However, ignition plugs of this type still have room for structural improvements.

Since a high voltage of about 10,000 volts or higher is applied for electric spark discharge to the ignition plug, insulators or shieldings are generally provided to the electric supply portion of the ignition plug such that neither external short-circuit nor aerial discharge results.

In the proposed plug, however, complete coverage for the plug is difficult since the central electrode used for introducing the air is inevitably exposed to the outside through the air intake port perforated in the cylindrical wall of the ignition plug. Then, high voltage applied to the central electrode may cause short-circuit failure between the electrode and other metal parts, etc. or may cause radio frequency wave troubles to electronic control devices disposed in an automobile.

There is also an additional problem that the flow rate of external air taken in through the air intake port has to be controlled depending on the capacity of engine cylinders, kind of fuels used, etc. for the complete combustion of the unburnt gases. Accordingly, since it is required to adjust the opening area of the air intake port upon mounting the ignition plug to each of the engine cylinders, it is difficult to mass-produce general-purpose plugs.

SUMMARY OF THE INVENTION

The object of the present invention is to provide an ignition plug of the above-mentioned type capable of preventing short-circuit or aerial discharge from the central electrode to the outside.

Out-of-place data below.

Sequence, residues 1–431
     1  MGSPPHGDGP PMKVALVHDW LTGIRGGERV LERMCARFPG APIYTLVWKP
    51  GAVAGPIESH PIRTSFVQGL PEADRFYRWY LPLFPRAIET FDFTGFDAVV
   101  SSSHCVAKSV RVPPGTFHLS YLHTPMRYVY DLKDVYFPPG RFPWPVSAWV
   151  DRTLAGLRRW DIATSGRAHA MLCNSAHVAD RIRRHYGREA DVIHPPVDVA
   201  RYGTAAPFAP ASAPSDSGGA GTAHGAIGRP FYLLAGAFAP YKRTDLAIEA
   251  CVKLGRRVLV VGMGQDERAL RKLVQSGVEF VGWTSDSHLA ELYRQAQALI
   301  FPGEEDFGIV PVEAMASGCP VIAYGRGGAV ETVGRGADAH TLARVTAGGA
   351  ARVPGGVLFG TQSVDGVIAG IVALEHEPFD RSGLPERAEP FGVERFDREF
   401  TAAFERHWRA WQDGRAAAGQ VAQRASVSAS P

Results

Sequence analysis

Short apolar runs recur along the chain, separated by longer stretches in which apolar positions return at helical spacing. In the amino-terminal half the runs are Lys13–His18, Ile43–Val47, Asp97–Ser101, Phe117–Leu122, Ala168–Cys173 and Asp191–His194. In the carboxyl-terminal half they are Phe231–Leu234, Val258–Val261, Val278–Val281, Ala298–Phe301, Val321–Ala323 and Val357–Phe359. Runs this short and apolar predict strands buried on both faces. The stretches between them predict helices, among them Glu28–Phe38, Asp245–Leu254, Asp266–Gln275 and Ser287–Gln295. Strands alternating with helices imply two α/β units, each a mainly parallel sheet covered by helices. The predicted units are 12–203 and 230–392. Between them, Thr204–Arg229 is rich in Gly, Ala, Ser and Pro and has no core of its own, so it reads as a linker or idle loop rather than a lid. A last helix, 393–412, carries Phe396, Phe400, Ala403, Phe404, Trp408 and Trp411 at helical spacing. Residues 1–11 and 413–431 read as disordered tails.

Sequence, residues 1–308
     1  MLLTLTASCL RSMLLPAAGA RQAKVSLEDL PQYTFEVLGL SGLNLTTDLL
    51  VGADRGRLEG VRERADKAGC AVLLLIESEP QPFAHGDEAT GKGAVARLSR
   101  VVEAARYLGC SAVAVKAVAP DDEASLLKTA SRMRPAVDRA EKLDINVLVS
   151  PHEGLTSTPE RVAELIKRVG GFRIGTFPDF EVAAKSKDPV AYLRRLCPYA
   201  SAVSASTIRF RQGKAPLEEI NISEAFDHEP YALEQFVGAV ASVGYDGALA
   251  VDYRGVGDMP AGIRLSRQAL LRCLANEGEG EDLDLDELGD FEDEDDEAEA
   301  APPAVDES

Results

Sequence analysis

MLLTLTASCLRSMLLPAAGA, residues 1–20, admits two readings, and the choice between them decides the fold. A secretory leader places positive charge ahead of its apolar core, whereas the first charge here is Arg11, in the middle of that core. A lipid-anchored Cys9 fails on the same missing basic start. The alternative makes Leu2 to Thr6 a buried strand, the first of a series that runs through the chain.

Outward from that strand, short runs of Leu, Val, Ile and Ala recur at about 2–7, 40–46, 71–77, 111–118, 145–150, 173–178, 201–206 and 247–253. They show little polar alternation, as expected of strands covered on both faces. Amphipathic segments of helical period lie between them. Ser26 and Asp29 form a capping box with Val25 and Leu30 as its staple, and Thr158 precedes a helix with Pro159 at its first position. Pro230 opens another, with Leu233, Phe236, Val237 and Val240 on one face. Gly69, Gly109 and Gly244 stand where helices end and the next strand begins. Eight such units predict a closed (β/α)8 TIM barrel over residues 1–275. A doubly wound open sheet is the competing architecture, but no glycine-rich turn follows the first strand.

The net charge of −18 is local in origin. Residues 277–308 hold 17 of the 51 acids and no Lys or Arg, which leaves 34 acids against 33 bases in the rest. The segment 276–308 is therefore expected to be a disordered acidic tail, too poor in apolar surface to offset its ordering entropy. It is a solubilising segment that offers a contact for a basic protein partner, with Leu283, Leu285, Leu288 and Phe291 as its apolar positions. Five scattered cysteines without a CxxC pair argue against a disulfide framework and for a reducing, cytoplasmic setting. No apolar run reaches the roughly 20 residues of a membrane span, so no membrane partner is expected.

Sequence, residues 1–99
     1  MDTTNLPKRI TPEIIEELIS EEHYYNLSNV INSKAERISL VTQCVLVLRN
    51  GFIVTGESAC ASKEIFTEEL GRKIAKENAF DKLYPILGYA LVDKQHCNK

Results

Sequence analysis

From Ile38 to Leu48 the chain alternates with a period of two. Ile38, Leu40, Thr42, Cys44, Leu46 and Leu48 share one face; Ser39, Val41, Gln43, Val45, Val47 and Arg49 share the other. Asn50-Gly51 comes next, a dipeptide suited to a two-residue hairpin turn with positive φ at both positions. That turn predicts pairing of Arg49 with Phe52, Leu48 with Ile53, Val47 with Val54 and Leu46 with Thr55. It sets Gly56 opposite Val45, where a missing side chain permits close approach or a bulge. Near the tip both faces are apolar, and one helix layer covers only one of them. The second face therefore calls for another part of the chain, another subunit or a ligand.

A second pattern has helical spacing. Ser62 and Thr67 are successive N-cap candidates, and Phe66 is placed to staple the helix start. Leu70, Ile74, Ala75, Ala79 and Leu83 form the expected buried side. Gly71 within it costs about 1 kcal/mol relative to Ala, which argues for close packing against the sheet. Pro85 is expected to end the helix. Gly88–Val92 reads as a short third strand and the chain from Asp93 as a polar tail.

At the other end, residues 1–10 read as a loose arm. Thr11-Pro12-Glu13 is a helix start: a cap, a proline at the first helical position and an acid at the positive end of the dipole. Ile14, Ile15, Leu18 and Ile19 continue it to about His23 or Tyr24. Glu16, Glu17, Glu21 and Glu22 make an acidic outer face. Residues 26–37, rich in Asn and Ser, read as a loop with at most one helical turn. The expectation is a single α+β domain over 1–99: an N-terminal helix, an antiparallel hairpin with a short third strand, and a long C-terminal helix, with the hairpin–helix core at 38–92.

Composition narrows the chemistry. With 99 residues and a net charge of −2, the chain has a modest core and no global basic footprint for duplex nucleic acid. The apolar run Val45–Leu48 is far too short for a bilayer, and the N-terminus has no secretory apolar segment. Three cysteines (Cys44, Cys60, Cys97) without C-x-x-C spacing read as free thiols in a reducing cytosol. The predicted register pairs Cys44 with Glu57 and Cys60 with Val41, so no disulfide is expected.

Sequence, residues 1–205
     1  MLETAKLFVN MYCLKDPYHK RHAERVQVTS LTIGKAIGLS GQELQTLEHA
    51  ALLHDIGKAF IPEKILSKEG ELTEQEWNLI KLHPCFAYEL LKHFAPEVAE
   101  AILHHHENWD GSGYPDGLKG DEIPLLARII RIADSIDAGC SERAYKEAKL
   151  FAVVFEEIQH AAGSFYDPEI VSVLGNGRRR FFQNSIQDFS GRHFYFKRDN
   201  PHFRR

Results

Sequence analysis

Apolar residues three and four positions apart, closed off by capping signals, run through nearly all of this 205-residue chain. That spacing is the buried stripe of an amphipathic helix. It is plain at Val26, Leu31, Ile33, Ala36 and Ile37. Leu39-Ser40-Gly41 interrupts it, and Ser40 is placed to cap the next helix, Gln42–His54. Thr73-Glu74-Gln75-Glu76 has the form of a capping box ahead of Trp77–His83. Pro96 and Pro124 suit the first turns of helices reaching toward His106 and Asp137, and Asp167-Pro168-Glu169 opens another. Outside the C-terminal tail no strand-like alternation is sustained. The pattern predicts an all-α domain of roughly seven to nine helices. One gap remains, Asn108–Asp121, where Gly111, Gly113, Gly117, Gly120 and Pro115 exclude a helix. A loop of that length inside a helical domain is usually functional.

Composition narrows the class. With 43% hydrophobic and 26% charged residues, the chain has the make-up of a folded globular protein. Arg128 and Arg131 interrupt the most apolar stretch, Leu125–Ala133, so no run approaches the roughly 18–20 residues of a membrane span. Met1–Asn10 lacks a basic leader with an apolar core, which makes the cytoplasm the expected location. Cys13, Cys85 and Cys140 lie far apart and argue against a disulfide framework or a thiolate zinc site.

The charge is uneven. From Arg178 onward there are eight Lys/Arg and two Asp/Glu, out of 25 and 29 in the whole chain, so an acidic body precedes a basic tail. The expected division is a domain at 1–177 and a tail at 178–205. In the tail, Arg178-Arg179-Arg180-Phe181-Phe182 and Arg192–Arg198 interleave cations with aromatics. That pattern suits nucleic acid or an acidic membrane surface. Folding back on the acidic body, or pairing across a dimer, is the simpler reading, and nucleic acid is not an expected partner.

Another object of the present invention is to provide an ignition plug being capable of adapting to cylinders of various capacities, fuels employing, etc.

The foregoing object of the present invention can be attained in an ignition plug attached upon use to the cylinder of an internal combustion engine having :

a plug main body made of insulating ceramic material,

a central electrode embedded axially through the inside of the plug main body and having a tubular structure that defines therein an air introduction channel for introducing atmospheric air from the outside of the plug into the cylinder and

a valve mechanism capable of closing and opening the air introduction channel depending on the difference between the gas pressure in the cylinder and the atmospheric pressure, wherein

the air introduction channel of the central electrode is in communication with an air intake port perforated through the wall of the plug main body by way of a nonlinear path for attenuating the electrical discharge from the central electrode to the outside of the plug, and

the valve mechanism includes :

a main check valve of gravity actuation type adapted to open the air introducing channel gravitationally only when the atmospheric pressure overcomes the gas pressure in the cylinder and

an auxiliary check valve of resiliently biased type adapted to open the air introduction channel only when the atmospheric pressure overcomes the biasing resiliency.

According to the present invention, since the ignition plug has, embedded therein, a central electrode of a tubular structure that defines therein an air introduction channel, atmospheric air can be introduced through the air intake port perforated through the circumferential wall of the plug main body and by way of the air introduction channel of the central electrode and then to the inside of the cylinder chamber, thereby enabling complete combustion of unburnt gases, reducing the fuel cost, decreasing the mechanical noises and preventing the formation of NOx and CO, hydrocarbons, etc. In addition, backward flow of the gas from the cylinder to the atmosphere through the air introduction chamber can be prevented by the check valve mechanism disposed in the air introduction channel.